I also believe in having the best kitchen equipment you can afford. We are working on upgrading our cookware, but already have a kitchenaid mixer 6qt, and a KA food processor which I love. And I was fortunate to have a retail job in the home department where we got credits for selling cutlery to receive free knives. So I have Wustoff, and will never use anything else. For me they make a difference. I make almost everything from scratch, including baked goods, bread, cookies etc.

    And coupons are out there for produce and frozen veggies, dairy and organics, even GF too! Not as many but I work with what I have.

    For me I make it into a game. I have a designated time to shop, and I go alone, no kids! I fuel up on caffeine and have a meal ideas list and food list as well. I work with loss leaders, but also buy many of the same things every week.

  9. Cat says:

    Not long ago you had a segment on hoarding. I have never watched the tv show but have been aware of this from the news, etc. While I believe this is “over the top” saving, 2010 has been a year of awakening for me just how seriously bad our economy has become: not just a recession but serious trillion dollar debt our country is in, no jobs and the future does not hold the great turn-around we were all hoping for.

    I have never lived in an area of flooding, snow storms, hurricanes or tornados. We had a power shortage once that lasted 6 hours. Minimalism seemed a great way to live.

    I am changing my mind. I am using coupons and sales to build up all foods, paper goods and any necessary things I can come up with to sustain a year’s worth of comfort living. My worry here is hyper inflation. Books like these you have mentioned I have been devouring because I am so new to this way of thinking. We also live on one income. Thus far we have been fortunate to keep this job with no problem but I don’t feel I can keep my head buried in the sand forever. I always thought it was silly to live in Florida, for example, and not have a garage filled with boards to cover all the windows should a major storm come my way instead of running to the store at the last minute to buy this when hundreds of others were there to do the same thing.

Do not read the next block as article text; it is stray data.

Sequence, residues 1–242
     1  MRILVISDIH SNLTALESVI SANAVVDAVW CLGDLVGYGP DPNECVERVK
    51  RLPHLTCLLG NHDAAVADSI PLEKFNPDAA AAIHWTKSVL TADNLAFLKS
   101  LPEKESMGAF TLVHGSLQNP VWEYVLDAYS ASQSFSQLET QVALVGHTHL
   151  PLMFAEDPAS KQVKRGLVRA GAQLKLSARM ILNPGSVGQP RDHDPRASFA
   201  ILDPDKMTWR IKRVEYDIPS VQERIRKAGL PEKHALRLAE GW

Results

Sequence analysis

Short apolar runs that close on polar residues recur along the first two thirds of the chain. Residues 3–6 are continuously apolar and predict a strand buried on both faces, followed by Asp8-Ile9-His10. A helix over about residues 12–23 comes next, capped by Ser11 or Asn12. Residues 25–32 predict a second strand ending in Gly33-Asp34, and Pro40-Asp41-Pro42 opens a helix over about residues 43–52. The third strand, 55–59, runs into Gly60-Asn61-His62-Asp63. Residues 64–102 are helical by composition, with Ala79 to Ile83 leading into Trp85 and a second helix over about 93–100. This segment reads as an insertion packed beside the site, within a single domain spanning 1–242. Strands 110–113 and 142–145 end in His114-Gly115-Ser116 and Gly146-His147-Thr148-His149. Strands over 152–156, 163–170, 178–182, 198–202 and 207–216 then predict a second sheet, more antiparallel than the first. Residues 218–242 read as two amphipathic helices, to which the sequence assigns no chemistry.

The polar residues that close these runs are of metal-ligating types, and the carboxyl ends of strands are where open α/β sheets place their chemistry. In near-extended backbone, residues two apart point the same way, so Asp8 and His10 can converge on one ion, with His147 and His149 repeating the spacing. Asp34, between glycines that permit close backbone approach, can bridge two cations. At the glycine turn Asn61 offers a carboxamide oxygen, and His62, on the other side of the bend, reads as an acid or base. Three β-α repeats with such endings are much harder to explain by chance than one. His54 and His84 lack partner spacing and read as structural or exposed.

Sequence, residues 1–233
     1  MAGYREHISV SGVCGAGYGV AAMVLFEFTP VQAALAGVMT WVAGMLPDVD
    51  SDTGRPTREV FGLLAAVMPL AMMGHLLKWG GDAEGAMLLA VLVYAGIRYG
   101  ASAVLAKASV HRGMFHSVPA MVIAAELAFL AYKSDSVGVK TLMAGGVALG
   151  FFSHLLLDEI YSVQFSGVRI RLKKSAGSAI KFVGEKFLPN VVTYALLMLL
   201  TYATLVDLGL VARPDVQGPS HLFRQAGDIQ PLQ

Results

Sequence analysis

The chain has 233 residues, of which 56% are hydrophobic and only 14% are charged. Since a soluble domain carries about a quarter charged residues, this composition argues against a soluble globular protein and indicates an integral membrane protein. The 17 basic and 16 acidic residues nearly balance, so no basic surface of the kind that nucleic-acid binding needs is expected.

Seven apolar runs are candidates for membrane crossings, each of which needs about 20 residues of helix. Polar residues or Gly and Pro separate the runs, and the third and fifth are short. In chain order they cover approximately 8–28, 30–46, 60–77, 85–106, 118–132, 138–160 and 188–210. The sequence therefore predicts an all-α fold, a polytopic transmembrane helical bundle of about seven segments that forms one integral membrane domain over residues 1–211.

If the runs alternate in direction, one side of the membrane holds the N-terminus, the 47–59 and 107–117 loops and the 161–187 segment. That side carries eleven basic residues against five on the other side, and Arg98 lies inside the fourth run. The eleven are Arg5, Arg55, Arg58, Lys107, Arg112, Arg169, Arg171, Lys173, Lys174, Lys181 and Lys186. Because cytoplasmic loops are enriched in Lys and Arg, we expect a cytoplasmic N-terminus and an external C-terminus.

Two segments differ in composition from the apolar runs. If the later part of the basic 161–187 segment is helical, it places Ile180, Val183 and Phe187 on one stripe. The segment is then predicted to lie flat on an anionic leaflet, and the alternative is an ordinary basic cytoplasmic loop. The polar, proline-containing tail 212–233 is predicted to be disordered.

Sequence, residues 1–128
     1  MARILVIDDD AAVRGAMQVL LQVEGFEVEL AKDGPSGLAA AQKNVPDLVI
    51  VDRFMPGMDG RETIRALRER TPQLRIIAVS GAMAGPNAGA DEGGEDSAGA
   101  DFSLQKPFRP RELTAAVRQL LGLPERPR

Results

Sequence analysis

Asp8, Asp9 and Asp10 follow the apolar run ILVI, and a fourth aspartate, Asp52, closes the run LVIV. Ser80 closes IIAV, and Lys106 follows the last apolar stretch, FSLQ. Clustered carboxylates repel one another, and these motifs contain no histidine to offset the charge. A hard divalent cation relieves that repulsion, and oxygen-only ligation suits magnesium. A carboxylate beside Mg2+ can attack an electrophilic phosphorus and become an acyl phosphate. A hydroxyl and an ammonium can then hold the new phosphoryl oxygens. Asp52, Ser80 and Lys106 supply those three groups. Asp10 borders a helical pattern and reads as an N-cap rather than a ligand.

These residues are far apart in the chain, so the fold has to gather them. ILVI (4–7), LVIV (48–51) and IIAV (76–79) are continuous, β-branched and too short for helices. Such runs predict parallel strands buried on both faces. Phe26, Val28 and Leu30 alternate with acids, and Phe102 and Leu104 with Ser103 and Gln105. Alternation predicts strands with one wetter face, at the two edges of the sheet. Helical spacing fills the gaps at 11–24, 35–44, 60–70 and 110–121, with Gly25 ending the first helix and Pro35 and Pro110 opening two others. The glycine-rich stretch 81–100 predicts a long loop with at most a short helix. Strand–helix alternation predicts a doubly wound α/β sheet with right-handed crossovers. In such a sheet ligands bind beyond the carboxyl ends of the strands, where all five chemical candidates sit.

This is how I am feeling about our economy today.

  10. Kathy says:

    I bought a brand new Lodge cast iron frying pan and dutch oven and neither were bumpy. Cast iron gets smooth over time because you have to season it.

    Couponing is not for everyone. I found that I ended up spending more and buying more of things I really didn’t need all for the sake of using a coupon. You have to watch the coupons carefully. Many will say something like $1.00 off when you buy three. If you will never use three before it spoils or before the use by date, you’ve wasted money. I found that at the store I shop at, it’s cheaper to buy the off label brand than it often is to buy the name brand with the coupon.

  11. Rebecca says:

    Cat: Hoarding can be a concern for some, and those who have those tendancies may not want to stockpile as it could get out of hand.

    We try to live a minimalist lifestyle, or I think simplistic is a better term for us. Uncluttered means we get better use of our living space. But I do have a fairly stocked kitchen and pantry, in terms of cookware and supplies. But I would rather have 6 pyrex dishes than have to buy disposable cookware when I make up some meals to have in the freezer. Or 12 pie plates because I pre make all our holiday pies in the late Oct and early Nov. Its not hoarding for me because I actively use these items, and they help me save money for my family.

    I have a large pantry, but make sure to eat through it at least once a year and reorganize every few months so nothing gets lost or too old. It works to our advantage because I can use stocked items to make very cheap meals, and in the winter when we get snowed in for days at a time, I just head to the freezer and pantry for meals. I can even take meals to the neighbors if they need.